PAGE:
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List Archive: gentoo-ppc-dev
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To: Mark Guertin <gerk@g.o>
From: Joe McMahon <mcmahon@...>
Subject: Dealing with updated config files
Date: Tue Aug 13 14:59:05 2002
I've been finding that dealing with the updated config files can be a real 
pain in the neck; here's a Perl scrpt to simplify it some. (Requests for
features entertained. If people really like this, I'll make an ebuild out
of it.)

#!/usr/bin/perl -w

=head1 NAME

cfgdiff - show/manage updated config files on Gentoo Linux

=head1 SYNOPSYS

  # List all the files that currently have ._config
  # files waiting to be checked:
  cfgdiff

  # Show the diffs for a particular file:
  cfgdiff /etc/make.conf

  # Accept the new file, replacing the old:
  cfgdiff /etc/make.conf accept

  # Reject the new file, keeping the old:
  cfgdiff /etc/make.conf reject

=head1 USAGE

C<cfgdiff> is suitable for helping you compare new versions of config 
files
to old ones on Gentoo Linux. 

C<emerge> creates files containing C<._cfg000> when it wants to allow you 
to 
check these files before putting them into your running system. Normally,
you have to use C<find> (if you can remember the proper syntax) to find 
these
files, and then type in the C<diff>, C<rm>, or C<mv> commands yourself to 
update these files as you deem appropriate.

C<cfgdiff> makes all this much easier. You can get the list with one 
command, 
and then easily accept the new files (moving the new file over the old), 
reject the new files (simply removing them), or edit the config file in 
question.

Typically, you'll do some installs, and C<emerge> will warn you that you 
have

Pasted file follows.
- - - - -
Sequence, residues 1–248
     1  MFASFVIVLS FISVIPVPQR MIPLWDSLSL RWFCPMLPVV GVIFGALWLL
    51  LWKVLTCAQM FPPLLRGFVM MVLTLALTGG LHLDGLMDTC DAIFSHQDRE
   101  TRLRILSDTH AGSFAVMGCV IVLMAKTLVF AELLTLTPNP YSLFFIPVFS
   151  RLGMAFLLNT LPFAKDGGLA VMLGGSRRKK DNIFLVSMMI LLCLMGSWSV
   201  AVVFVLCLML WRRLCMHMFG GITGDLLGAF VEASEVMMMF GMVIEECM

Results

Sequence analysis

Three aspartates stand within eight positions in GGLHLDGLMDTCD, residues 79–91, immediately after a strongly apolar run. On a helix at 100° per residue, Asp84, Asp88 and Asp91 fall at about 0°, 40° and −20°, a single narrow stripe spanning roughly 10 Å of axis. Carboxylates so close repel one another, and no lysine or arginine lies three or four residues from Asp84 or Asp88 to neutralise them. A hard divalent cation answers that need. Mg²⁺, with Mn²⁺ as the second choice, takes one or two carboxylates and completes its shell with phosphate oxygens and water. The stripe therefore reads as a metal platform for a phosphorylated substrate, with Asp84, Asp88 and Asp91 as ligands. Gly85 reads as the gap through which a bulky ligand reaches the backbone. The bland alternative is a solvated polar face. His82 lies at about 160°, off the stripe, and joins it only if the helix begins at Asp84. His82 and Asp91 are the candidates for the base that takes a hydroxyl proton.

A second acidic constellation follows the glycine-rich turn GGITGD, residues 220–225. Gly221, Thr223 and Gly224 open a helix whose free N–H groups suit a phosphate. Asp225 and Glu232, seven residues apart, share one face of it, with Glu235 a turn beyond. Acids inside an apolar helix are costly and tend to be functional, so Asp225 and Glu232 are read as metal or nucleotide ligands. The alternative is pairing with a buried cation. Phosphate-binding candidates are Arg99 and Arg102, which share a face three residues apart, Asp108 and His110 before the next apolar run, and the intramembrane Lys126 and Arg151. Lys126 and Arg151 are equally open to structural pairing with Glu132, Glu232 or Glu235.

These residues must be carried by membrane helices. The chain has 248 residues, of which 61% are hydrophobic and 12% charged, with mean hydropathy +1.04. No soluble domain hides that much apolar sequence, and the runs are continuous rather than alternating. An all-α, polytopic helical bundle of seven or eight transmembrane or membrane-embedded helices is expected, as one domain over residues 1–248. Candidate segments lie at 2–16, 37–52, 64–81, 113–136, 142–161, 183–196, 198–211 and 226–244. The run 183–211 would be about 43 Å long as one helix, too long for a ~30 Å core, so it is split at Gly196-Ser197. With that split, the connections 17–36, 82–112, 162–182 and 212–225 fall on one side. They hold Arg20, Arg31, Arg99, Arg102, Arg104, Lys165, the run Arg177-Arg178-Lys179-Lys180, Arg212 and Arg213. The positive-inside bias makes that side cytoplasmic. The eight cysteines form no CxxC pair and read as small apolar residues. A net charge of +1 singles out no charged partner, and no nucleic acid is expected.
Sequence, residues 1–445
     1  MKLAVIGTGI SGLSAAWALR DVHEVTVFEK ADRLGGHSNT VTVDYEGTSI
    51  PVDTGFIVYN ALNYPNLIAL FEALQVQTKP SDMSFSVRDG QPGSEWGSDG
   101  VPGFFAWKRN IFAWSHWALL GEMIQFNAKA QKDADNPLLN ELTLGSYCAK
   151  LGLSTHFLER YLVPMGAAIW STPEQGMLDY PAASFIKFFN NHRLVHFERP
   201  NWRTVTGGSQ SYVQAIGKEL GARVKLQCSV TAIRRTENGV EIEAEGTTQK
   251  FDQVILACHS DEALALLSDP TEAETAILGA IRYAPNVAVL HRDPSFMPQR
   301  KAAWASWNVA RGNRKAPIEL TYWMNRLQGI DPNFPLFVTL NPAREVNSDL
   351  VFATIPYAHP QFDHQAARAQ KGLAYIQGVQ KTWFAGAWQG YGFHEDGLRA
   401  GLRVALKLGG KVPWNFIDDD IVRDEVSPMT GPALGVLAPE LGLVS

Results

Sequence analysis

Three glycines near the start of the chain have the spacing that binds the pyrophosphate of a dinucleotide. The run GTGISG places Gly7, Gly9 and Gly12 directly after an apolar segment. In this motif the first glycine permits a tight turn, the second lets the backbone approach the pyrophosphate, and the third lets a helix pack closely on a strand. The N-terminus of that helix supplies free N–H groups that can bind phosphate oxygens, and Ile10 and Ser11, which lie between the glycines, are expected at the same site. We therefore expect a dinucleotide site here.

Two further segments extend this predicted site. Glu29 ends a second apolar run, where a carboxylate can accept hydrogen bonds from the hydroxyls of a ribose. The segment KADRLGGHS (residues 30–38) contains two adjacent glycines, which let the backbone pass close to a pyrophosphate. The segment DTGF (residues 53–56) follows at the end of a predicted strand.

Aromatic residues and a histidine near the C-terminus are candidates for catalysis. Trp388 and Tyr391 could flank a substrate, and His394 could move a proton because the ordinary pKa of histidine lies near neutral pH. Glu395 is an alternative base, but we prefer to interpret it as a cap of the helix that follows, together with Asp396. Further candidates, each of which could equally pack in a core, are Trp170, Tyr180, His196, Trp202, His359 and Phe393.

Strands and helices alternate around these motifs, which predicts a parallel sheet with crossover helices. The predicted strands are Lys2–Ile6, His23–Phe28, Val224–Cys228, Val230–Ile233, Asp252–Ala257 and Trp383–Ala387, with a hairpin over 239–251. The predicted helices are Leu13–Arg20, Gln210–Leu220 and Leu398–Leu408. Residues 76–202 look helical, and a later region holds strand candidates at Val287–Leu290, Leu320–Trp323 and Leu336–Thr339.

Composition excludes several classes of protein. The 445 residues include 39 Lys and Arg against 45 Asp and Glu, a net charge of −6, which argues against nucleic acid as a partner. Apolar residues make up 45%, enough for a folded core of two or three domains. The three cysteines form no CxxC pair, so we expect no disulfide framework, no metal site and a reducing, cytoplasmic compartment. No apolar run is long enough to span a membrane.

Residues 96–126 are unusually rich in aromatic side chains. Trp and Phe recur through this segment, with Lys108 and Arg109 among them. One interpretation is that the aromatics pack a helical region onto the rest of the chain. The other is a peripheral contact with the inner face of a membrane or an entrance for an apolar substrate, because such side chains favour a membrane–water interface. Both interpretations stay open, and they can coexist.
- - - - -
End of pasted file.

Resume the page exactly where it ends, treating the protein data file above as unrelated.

a dozen or so config files to check and possibly update. Use C<cfgdiff> to
see them:

  $ cfgdiff 
  0 /etc/make.conf
  1 /etc/ ...

  $

You can then check on any indiividual file:

  $ cfgdiff /etc/make.conf
  (diff output follows)
  $

If you like the changes, accept them:

  $ cfgdiff /etc/make.conf accept
  $

Or reject them:

  $ cfgdiff /etc/make.conf reject

Maybe you want to edit the file before or after:

  $ cfgdiff /etc/make.conf edit

=head Why the numbers?

If you are extremely lazy, you can simply enter the number of the file you
want to process and have C<cfgdiff> handle it:

  $ cfgdiff 
  0 /etc/something_log_and_hard_to_type
  $ cfgdiff 0 
  (diff output follows)
  $ cfgdiff 0 accept

=over 4

B<Be careful!> If you C<accept> or C<reject> a file, the file numbers
I<change>! Always rerun C<cfgdiff> to re-list the files if you're not
sure about the number, or just type the name (safest).

=back

=head1 AUTHOR

Joe McMahon (mcmahon@...)
Copyright 2002 by Joe McMahon.

=head1 LICENSE
This software is licensed under the same terms as Perl itself.

=cut

use strict;

my $file = shift;
my $action = shift;
my ($dir, $tail, $new, @names, @filenumber, %filemap);

# This subroutine finds all of the files that have updates
# and calls a callback routine for each (oldname, newname) pair.
sub fileaction {
  my $callback = shift;
  my @names = `find /etc -iname '._cfg????_*'` unless @names;
  foreach (@names) {
     chomp;
     my $newfile = $_;
     s/._cfg.{4}_//;
     my $oldfile = $_;
     $callback->($oldfile, $newfile);  
  }
}

unless (defined $file) {
  # print all the files with an associated number.
  my $fileno;
  fileaction( sub { print sprintf("%4d",$fileno++)," ",$_[0],"\n"} );
}
else {
  # A file argument was supplied, either a name or a number.
  if (my($file_to_use) = ($file =~ /^(\d+)$/)) {
    # "backreference" to a file by number in the list.
    fileaction( sub { @filenumber = $_[0]; $filemap{$_[0]} = $_[1]; } );
    $file = $filenumber[$file_to_use];
    die "File $file_to_use doesn't exist\n" unless defined $file;
  }

  # Get the config file corresponding to this one.
  $new = $filemap{$file};

  unless (defined $action) {
    # No action, run a diff.
    die "No emerged config file $new\n" unless -e $new;
    system "/usr/bin/diff", $file, $new;
  }
  elsif ($action =~ /accept/) {
    # Accept the new file as-is, replacing the old one.
    system "mv $new $file";
  }
  elsif ($action =~ /reject/) {
    # Discard the new one, leave the old one unchanged.
    unlink $new;
  }
  elsif ($action =~ /edit/) {
    # Edit the file.
    exec "vi $file";
  }
}

Enjoy. 

 --- Joe M.



Replies:
Re: Dealing with updated config files
-- Kevyn Shortell
References:
ppc KEYWORDS (aka why ebuilds may not be found)
-- Mark Guertin
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